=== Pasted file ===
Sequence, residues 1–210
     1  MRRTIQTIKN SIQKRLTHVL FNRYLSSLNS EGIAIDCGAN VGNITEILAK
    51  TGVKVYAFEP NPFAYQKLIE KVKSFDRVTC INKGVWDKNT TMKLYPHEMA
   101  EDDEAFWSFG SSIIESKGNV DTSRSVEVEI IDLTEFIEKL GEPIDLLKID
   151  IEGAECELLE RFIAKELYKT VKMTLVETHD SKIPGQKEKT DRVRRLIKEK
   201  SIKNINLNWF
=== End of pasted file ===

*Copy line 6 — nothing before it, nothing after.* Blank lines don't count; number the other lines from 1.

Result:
   201  SIKNINLNWF